Berlin – I , II, and III Berlin III – Monday, October 09, 2006

The day before I left Berlin, I went to Potsdamerplatz to visit the Musik Instrument Museum. Potzdamerplatz represents the latest and greatest in Berlin, and Berliners have many reasons to be proud of it. There is so much amazing architecture in Berlin. Mostly modern.

The headquarters of Sony, Deutsche Bahn and Mercedes-Benz, as well as an Berlin Philharmonic are all there. When you take the highspeed train from the center of town above ground, you can see, Potsdamerplatz because it look like a circus tent. It is only once you get very close that you notice, everything under the tent is made of glass, steel or is electronic. Although it is open air, 2 semi circular buildings are inside the tent, a fountain, an Imax and several movie theaters all the mass enterntainment stuff that people need.. I went with some friends on an earlier visit to see Das Parfum, the movie adapted from the novel by Susskind.

Across the street is another amazing building, without the steel and glass, but rather fans of gold, it is warmer, and mainly assymetrical. The insignia of the Berlin Philharmonic is inward spiral of a rotating pentagram, a highlight of the golden section, and the whole building has been done with the golden section in mind.

That is the amazing thing about this building, it is not large by any standard, but has a depth of quality that is hard to match. Everything is in proportion with one another. Add one thing or take one thing away, and the building ceases to be the same. Kind of like the cross between a lean-to, a boquet or a bonsai tree. Quite amazing, and very warm for a building made in the 50/60s

The pictures of the musik instrument museum inside the building:

those cembalo (piano looking instruments) are crazy indeed hm. I couldn’t stop taking pictures of them.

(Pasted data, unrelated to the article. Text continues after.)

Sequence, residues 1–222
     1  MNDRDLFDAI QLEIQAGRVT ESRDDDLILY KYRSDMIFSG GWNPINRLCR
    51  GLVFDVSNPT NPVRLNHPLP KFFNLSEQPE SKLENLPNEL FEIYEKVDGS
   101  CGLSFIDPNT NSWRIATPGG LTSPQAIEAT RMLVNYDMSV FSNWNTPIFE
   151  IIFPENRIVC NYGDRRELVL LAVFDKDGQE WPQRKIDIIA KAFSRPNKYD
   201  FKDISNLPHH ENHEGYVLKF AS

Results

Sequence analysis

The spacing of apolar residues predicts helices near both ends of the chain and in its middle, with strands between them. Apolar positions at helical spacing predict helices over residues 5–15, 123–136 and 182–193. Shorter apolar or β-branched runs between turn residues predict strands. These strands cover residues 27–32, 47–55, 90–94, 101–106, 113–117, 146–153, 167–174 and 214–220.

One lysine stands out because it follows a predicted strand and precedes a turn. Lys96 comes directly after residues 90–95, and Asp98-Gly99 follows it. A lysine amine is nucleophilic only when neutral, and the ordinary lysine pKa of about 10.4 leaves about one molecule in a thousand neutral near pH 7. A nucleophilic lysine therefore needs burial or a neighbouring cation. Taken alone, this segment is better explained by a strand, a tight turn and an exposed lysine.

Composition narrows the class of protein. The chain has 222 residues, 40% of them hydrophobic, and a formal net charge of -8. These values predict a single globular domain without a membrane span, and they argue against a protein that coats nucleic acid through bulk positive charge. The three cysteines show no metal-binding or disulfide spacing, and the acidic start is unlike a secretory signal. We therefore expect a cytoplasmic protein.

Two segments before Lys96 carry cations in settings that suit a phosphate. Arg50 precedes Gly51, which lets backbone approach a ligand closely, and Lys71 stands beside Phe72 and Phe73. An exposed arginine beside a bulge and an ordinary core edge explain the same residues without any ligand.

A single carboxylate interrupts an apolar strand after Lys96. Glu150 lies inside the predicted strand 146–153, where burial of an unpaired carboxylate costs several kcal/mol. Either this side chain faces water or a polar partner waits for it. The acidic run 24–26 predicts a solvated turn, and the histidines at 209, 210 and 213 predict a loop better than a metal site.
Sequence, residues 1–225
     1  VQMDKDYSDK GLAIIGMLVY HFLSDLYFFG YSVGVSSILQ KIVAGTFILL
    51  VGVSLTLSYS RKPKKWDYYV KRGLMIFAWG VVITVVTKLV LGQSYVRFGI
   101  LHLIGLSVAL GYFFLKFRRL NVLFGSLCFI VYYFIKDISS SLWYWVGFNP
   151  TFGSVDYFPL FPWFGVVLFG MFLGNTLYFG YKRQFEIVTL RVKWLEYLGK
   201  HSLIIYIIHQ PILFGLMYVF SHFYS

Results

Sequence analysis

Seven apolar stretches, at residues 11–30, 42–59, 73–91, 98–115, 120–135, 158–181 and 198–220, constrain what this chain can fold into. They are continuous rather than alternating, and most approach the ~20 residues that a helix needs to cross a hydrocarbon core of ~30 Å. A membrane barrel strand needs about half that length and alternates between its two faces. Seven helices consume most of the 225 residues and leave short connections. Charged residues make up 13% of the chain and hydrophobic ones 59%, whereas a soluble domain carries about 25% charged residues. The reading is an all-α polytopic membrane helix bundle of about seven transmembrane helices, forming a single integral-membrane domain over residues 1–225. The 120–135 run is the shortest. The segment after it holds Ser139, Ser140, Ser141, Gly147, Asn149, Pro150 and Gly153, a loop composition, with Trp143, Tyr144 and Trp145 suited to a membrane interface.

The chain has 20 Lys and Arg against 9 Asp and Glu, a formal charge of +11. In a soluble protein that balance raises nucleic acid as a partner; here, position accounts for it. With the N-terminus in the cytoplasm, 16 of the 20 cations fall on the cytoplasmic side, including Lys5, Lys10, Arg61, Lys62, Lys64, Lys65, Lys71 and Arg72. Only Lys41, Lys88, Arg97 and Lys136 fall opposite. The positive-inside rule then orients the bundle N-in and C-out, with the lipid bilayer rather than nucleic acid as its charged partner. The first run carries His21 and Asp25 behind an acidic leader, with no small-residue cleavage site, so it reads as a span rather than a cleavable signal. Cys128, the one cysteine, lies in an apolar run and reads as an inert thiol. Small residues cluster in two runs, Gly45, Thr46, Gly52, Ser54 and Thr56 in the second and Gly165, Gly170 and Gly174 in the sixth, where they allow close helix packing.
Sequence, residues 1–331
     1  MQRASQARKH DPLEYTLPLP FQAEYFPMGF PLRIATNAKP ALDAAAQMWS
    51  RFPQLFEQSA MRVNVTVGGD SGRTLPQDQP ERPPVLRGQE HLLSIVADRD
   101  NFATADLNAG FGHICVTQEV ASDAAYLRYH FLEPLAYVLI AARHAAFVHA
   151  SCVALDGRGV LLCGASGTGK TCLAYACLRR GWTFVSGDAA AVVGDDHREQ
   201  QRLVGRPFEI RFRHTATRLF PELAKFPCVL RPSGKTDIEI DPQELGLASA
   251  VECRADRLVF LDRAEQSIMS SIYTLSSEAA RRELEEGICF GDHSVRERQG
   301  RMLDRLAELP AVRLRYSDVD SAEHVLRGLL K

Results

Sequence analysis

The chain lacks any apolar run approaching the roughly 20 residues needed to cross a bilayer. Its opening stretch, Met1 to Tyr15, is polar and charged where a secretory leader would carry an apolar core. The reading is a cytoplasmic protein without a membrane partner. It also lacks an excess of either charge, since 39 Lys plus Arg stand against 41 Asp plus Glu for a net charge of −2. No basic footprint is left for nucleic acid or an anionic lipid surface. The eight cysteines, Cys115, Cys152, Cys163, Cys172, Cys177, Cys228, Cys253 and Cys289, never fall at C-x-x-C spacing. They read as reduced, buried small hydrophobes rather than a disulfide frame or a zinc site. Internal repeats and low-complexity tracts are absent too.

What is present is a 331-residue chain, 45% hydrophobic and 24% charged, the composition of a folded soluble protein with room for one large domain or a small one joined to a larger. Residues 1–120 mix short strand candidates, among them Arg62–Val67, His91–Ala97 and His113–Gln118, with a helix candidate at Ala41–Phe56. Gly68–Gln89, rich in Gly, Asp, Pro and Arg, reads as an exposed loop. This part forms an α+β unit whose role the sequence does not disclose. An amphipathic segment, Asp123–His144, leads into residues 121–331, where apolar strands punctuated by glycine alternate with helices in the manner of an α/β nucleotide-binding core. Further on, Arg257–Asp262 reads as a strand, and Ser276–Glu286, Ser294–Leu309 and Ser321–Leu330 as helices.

Berlin II

If I had to pick a spot to live in Berlin – it would definitely be Kruezberg, the Turkish center of Berlin (and likely for Germany). It is a lovely place, with the traditional architecture that a person would find anywhere in Berlin, and a very nice 2nd lived in feel to the place. There are many families and students who live there.

On each Tuesday and Friday, there is a giant Bazaar there, along the Spree river which is the largest turkish Bazaar outside of turkey. It is a straight line, which goes on for about probably 250 m. When you walk through it, the feeling you get must be the same as the feeling that newlyweds and football players get from running through a line as it is a narrow place.

I walked the whole length of it, and saw many stores repeat themselves, so I think it is a matter of where along the stretch you would want to buy things. Mainly 1 million cheeses, meats, fruits. The odd knick knack, and sometimes a belt or a box stall.
My favorite are the vendors who sell grapevine leaves. It is amazing that they are edible, when you see them soaking in the water flattened out.

The best part of Kreuzberg is the bakery, and there you have a bread which is circular like a bagel, but thin as a pretzel, about the size of a tea saucer. Thin and round, it is dipped in roasted sesame seeds and then baked. It is both sweet and salty inside.
The best, and it is unavailable in any other part of Berlin oddly, so I used to make express trips to kruezberg for them.

Berlin I

Germany is a complex picture, but I’ll write about the parts that I have encountered and know best.

My part of town in Berlin, was on a Hussemann Strasse, which is a part of the neighbourhood Prenzlauer Berg. The neighbourhoods in Berlin are all situated like numbers around a clock around Mitte (meaning middle), and PB sits northeast at about 1 to about 2:30 on this imaginary clock.

It is part of former east germany, so that when the walls fell in 1989, they were essentially tenements befitting of any eastern bloc country. Those tenements were quickly gobbled up, and have been converted into lofts and restaurants.

The part that I know really well in Germany is between my apt, and a place called Kollwitzplatz which is about 100 m down the road. It is a park named after the artist Kathe Kollwitz. In that park, what is amazing to see is kids learning to ride bikes and obsessed with soccer from about age 2 onwards. They do both, so well.

German education is quite remarkable, and these kids from an early age are brought many experiences, and allowed personal space. Because of responsibility and this negotiation, it is very common to see, for instance, kids age 6-10 riding bikes on the street with their parents on the roads, at st. corners etc. no problems.,,,, I told my german penpal, that in N.america, parents are likely to put their kids on a leash at that age.

The same holds true for animals, dogs for eg, are basically never on a leash,

Each day, I would buy a croissant and coffee and read at the park.

posted by alwinian at 4:28 PM

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